Henry maneuvers his shopping cart into the shortest checkout line in the market. He’s tired and hungry after a long day’s work, and in a hurry to get home and make dinner for his partner. Unfortunately, his line turns out to be the slowest. The checkout clerk is as slow as molasses. She can’t seem to remember the price of anything; she constantly makes mistakes on the register; and she’s completely unfocused on what she’s doing.
Henry’s righteous indignation mounts as the minutes tick by. How can this big supermarket chain be so contemptuous of its customers as to hire such brain dead employees? He sighs loudly and shifts his weight from one foot to another to signal his displeasure. He and another man in line make sarcastic comments to each other about the clerk, and he hopes she overhears them.
Another store employee arrives to bag groceries and asks the clerk, “Are you doing okay?” She replies, “I’m all right. I’ve only got one more hour, and then I can go to the hospital and see him.” Their conversation makes it clear that she’s referring to her husband, who is in the final stages of terminal cancer.
Henry awakens as if from a trance. His first reaction is shame at his self-preoccupation, and then he feels a wave of compassion for the clerk who has to work at a market full of impatient customers while her husband lies gravely ill in a hospital bed. His impatience gone, he quietly waits his turn. When he arrives at the front of the line, he searches for something comforting to say to her, but he’s afraid of embarrassing her, so he just makes eye contact and offers her the warmest smile he can. As he carries his groceries out of the store, he looks around at the other customers, and realizes how rarely he ever gives a thought to what’s going on in the lives of all the strangers he passes as he rushes through his day.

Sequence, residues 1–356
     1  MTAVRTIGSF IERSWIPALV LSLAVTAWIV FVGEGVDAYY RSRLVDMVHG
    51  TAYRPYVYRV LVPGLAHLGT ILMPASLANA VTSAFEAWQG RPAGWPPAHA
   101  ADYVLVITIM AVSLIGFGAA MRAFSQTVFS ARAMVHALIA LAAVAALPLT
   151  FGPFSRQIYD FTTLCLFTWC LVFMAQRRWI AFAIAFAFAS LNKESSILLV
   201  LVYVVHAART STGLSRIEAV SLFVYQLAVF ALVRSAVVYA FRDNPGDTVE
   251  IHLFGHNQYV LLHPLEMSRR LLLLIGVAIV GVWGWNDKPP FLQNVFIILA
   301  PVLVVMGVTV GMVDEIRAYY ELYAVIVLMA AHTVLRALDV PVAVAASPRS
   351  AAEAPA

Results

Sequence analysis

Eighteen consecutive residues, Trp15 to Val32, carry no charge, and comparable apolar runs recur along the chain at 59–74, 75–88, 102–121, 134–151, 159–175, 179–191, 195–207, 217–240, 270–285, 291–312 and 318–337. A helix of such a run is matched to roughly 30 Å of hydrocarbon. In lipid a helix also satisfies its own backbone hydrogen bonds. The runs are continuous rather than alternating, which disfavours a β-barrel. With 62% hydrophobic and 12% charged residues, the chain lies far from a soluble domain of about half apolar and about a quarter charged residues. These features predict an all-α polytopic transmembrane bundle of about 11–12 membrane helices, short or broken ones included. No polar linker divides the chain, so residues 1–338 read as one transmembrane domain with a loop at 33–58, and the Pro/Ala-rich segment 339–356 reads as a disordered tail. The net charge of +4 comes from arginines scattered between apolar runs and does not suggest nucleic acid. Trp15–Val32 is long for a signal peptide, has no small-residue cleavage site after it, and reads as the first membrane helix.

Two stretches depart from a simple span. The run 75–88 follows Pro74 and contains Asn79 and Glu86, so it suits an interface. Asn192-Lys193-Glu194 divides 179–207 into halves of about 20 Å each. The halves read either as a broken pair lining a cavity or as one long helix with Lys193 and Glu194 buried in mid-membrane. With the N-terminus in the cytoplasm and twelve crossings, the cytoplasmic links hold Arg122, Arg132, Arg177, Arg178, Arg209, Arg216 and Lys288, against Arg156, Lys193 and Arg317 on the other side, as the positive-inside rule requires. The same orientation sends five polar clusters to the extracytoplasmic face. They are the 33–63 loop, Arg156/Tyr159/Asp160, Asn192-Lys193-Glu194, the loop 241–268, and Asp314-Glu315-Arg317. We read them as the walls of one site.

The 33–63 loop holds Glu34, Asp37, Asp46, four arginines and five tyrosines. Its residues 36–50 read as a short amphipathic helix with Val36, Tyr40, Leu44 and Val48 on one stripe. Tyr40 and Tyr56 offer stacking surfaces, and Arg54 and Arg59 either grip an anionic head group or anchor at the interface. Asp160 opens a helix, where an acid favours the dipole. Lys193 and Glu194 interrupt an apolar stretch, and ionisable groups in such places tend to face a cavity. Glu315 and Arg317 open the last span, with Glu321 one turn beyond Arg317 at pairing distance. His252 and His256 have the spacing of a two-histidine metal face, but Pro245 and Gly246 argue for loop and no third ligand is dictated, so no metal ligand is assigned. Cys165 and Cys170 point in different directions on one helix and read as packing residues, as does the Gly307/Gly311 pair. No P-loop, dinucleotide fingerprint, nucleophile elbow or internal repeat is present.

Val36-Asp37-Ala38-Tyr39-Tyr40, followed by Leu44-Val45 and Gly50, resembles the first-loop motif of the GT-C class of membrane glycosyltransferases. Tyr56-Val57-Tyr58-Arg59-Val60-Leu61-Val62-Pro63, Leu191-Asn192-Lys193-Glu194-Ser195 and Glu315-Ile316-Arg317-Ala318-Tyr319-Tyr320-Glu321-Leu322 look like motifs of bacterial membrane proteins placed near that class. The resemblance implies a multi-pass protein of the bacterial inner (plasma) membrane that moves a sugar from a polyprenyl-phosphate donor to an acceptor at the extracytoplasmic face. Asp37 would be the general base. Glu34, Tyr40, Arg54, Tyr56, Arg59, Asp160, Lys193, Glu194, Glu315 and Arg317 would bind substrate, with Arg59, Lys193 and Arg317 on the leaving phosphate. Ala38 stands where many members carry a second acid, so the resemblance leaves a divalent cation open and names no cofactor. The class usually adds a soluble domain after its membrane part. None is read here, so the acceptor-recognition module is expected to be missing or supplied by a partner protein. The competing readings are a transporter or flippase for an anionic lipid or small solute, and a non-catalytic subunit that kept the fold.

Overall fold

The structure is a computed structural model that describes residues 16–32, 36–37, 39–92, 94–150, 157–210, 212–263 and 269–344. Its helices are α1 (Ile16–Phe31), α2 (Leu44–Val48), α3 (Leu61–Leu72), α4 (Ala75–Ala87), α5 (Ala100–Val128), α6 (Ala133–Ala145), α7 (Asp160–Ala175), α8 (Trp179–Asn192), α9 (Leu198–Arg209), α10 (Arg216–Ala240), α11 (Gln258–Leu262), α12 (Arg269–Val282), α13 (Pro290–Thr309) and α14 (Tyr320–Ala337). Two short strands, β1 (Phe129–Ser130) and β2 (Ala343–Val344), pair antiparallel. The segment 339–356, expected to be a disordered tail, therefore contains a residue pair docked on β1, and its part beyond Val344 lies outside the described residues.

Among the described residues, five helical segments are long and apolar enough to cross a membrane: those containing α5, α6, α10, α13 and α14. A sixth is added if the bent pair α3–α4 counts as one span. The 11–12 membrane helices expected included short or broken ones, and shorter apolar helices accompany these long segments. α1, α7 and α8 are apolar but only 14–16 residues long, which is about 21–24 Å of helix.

Most of us can recall some incident like this from our own lives. Personalizing what happens around us is a universally built-in bias in our brains. That’s why we can’t too often remember the humbling, but strangely freeing, truth that most of the time we are bit players in other people’s dramas (if even that), and most of what goes on around us isn’t about us at all.
But we have powerful conditioning, which drives us to forget this truth. Just as most of us have an “inner critic” that harshly critiques our own behavior, we also have an “inner prosecutor,” which builds “cases” against others. The prosecutor creates stories about how others have intentionally targeted us in order to ruin our day and make us miserable.
The more this part of ourselves convinces us to be hyper vigilant for violations of our “rights,” the more we live in an inner prison of fantasies of victimization. That isn’t to say that it isn’t important to see other people realistically, or that there is no place for moral judgment. But case-making is a form of obsessive thinking that only makes us feel worse. When we do it, we increase our likelihood of over-reacting and complicating the problem.
There are some steps anyone can take to overcome the natural bias toward taking things personally. The first is just to notice the way you feel when you’re doing it, and then do your best to relax the sense of being personally targeted. Pay attention to how your mood lifts when you question your personalizing instead of just letting it run automatically.
It also helps to remember that, while we may be wired for personalizing, we’re also wired for compassion, and we can intentionally feed and strengthen this capacity. If, for instance, you deliberately direct your attention to sensing the ways in which the other person is suffering, you’ll probably find that they start to move from the “them” to the “us” category. Your compassion won’t let them off the hook or weaken you, but it will make you feel better. The more we teach ourselves to take life less personally, the easier time we have living in a relaxed and peaceful state.
Tom Moon is a psychotherapist in San Francisco. For more information, please visit tommoon.net